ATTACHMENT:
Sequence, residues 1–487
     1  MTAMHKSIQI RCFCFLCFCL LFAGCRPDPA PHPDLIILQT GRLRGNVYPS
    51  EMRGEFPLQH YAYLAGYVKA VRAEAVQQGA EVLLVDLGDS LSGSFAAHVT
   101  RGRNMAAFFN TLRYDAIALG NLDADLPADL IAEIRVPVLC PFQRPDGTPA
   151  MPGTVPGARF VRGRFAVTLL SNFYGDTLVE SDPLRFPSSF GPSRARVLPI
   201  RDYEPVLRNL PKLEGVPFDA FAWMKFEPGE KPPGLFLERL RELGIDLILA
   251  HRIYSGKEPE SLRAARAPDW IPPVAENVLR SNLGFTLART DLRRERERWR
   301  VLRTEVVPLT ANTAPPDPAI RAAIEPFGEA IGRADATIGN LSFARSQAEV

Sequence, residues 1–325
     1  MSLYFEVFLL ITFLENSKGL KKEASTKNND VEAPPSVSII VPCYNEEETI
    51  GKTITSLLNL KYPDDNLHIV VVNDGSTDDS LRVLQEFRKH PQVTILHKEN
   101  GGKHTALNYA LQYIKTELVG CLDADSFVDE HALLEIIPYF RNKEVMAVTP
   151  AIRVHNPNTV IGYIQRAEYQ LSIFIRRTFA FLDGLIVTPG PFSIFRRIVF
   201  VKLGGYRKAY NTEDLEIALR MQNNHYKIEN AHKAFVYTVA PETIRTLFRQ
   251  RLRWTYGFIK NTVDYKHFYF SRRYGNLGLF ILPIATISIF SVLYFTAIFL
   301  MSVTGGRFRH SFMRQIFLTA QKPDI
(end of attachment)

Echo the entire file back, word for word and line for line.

Sequence, residues 1–487
     1  MTAMHKSIQI RCFCFLCFCL LFAGCRPDPA PHPDLIILQT GRLRGNVYPS
    51  EMRGEFPLQH YAYLAGYVKA VRAEAVQQGA EVLLVDLGDS LSGSFAAHVT
   101  RGRNMAAFFN TLRYDAIALG NLDADLPADL IAEIRVPVLC PFQRPDGTPA
   151  MPGTVPGARF VRGRFAVTLL SNFYGDTLVE SDPLRFPSSF GPSRARVLPI
   201  RDYEPVLRNL PKLEGVPFDA FAWMKFEPGE KPPGLFLERL RELGIDLILA
   251  HRIYSGKEPE SLRAARAPDW IPPVAENVLR SNLGFTLART DLRRERERWR
   301  VLRTEVVPLT ANTAPPDPAI RAAIEPFGEA IGRADATIGN LSFARSQAEV

Sequence, residues 1–325
     1  MSLYFEVFLL ITFLENSKGL KKEASTKNND VEAPPSVSII VPCYNEEETI
    51  GKTITSLLNL KYPDDNLHIV VVNDGSTDDS LRVLQEFRKH PQVTILHKEN
   101  GGKHTALNYA LQYIKTELVG CLDADSFVDE HALLEIIPYF RNKEVMAVTP
   151  AIRVHNPNTV IGYIQRAEYQ LSIFIRRTFA FLDGLIVTPG PFSIFRRIVF
   201  VKLGGYRKAY NTEDLEIALR MQNNHYKIEN AHKAFVYTVA PETIRTLFRQ
   251  RLRWTYGFIK NTVDYKHFYF SRRYGNLGLF ILPIATISIF SVLYFTAIFL
   301  MSVTGGRFRH SFMRQIFLTA QKPDI